The Tough Questions

I vaguely remember being four. That is the time of life when only major events are remembered, like the time I broke my arm and my big brother walked me home. Or the time my Daddy returned from time away and brought me an Alsatian doll in fancy dress. I was asleep and he woke me up to see it.

Well granddaughter Ivy has just turned four and she is verbal and full of questions. But she is definitely keeping her parents on their toes. You see, before she was born, their infant son passed away in an accident. She never met him but she knows lots about him and sees his photo every day on their wall.

My aunt lost her first child as well. Her daughter Evelyne later asked her “When I get to Heaven, will Jacqueline be older than me or will she still be a baby?” Now how to answer this? Ivy has trouble with such issues as well. How can Reed be her big brother when he never reached the age of two, no less four?

Leo and IvyMay17-2013LeoAndIvyIvy does not exactly ask questions. More, she makes observations and follows up with “Right Mommy?” and “Right Daddy?” And so she says things like “Kids can’t be outside without a grownup because they might die if a grownup isn’t outside with them. Right?” Well….

These days however the questions are coming full force. I remember too trying to make sense of the greater world, but I was not as good about asking questions. I was an observer mainly, afraid adults would find me questions silly. But Ivy asks “What makes a person die?” Her parents have told her “A person dies when they don’t need their body any more.” And so she thinks about this a while and then says: “Reed’s body was still good because he was just small and he couldn’t walk – bigger than Forrest but smaller than Leo. Right Mommy? Why did he get rid of his body?”

She is finding her own answers mostly…and she is going to be just fine about these things. I’m so thankful she is curious and verbal and that no one is keeping secrets from her. I adore this girl and am fascinated by the way her mind works. She’s making the road ahead easier for her little brothers too. Growing up is hard work!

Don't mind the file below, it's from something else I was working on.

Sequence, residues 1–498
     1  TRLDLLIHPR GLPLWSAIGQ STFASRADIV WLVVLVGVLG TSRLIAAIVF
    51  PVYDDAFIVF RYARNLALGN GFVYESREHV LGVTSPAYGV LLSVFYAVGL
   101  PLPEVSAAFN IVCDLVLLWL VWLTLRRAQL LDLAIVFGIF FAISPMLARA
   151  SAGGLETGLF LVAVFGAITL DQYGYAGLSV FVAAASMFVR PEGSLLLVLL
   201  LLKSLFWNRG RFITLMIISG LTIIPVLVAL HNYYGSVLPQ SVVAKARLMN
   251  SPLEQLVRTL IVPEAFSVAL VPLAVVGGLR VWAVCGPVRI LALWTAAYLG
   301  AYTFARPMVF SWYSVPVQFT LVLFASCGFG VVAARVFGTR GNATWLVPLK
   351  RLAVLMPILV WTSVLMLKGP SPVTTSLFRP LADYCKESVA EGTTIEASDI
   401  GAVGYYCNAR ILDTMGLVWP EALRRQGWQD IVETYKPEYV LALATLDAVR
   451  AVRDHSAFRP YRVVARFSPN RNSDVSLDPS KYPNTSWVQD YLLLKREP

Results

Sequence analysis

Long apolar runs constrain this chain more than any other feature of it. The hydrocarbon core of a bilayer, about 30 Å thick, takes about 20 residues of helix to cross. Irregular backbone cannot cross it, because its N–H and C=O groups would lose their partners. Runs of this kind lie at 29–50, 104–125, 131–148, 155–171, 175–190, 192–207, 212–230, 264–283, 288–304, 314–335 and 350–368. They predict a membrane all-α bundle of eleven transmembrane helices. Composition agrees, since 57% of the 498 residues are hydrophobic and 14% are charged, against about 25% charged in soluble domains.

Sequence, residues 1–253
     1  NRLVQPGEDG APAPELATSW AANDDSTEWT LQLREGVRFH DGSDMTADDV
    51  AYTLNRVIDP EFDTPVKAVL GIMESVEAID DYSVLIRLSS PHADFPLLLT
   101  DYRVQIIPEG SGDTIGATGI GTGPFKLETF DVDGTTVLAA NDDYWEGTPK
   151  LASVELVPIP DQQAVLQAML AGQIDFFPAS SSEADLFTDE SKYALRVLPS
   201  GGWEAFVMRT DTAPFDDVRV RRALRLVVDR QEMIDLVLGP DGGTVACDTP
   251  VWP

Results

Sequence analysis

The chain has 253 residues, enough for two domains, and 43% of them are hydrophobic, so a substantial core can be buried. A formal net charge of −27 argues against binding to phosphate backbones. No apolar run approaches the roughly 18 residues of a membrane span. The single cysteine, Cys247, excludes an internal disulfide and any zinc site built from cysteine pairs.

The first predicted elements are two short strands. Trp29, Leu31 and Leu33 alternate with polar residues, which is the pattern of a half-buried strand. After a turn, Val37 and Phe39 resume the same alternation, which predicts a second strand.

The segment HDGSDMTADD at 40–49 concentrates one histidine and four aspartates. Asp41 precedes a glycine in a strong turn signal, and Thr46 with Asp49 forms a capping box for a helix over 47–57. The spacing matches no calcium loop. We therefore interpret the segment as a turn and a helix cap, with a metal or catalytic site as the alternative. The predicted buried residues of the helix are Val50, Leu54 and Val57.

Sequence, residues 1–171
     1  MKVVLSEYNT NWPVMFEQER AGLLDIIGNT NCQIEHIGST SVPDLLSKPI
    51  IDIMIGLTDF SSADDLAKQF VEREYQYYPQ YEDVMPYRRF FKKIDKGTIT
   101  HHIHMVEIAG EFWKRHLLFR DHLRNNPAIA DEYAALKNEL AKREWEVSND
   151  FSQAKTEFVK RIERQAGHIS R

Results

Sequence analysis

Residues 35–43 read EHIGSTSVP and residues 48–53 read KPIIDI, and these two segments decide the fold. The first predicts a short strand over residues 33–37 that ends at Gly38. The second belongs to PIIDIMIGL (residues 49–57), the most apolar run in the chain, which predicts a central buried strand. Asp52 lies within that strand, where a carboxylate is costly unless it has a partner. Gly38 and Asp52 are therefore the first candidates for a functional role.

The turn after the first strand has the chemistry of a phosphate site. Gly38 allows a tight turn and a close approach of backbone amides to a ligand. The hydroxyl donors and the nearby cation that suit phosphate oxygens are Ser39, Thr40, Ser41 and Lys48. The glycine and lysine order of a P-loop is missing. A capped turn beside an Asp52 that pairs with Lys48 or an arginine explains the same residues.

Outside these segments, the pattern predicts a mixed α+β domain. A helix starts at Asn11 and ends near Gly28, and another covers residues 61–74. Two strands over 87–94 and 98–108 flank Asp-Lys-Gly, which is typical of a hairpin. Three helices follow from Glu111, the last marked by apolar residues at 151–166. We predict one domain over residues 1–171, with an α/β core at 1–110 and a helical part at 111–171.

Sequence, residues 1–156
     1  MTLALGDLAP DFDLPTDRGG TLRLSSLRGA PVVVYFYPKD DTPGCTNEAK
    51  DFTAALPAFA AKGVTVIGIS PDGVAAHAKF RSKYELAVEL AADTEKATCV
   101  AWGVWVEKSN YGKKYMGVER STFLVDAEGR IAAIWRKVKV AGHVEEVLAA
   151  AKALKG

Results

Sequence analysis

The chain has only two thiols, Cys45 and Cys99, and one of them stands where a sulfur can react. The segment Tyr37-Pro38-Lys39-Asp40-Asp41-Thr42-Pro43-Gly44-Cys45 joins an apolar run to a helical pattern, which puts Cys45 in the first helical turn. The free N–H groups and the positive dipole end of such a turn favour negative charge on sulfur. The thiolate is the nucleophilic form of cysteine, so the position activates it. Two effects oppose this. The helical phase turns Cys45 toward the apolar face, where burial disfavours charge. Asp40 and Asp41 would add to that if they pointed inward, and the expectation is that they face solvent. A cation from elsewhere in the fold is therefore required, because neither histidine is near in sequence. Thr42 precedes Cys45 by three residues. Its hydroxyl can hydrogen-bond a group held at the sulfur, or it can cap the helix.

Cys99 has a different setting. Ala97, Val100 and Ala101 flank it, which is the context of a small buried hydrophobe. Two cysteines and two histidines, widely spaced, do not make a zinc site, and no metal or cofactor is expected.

Sharing with Claudia at  A Favorite Thing
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About fromourisland

Gardener, knitter, wife, mother of 2, grandmother, and lots more.
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7 Responses to The Tough Questions

  1. Alice Jordon says:

    Ivy is a very special little girl and four is a delightful age! Maisie is full of questions about death as well but has no first hand experience with it. Only last week she asked if she would die one day. Their minds never slow down for even a moment!

  2. Debra says:

    Tough ( and sad ) questions indeed ….

  3. Susan says:

    Ivy is asking some tough questions and may she always do so.

    Big Hugs,
    Susan and Bentley

  4. Dottie says:

    Hugs!!!!!!
    Dottie

  5. Children do ask some very tough questions. As a counselor, I am always asked by parents, “How do I respond”. The great thing about children is they will let you know when your answer is enough. They either run off to play, respond with an “okay Mom”, or in some other wonderfully childlike way to say…”I have heard enough”. I urge parents to take that important cue from their child and stop explaining. They will come back for more when they are ready. Luckily it gives parents time to talk about their response and future responses. Even with all my training in grief therapy, I too have found myself reflecting on my response to my own children. Parents may not always have the right answer, but caring, compassionate discussion is what is important.
    Blessings from Still Woods Farmhouse

  6. Sally says:

    Such a sweet and thoughtful post. It’s reminded me of my childhood and I don’t think I was much of an asker of questions – my mother was of the “children should be seen and not heard” variety – and I think I was quiet to please her. Gosh, makes me rather sad to think of that. 😦 Thank heavens people don’t think like that anymore!
    Wishing you a lovely holiday weekend!

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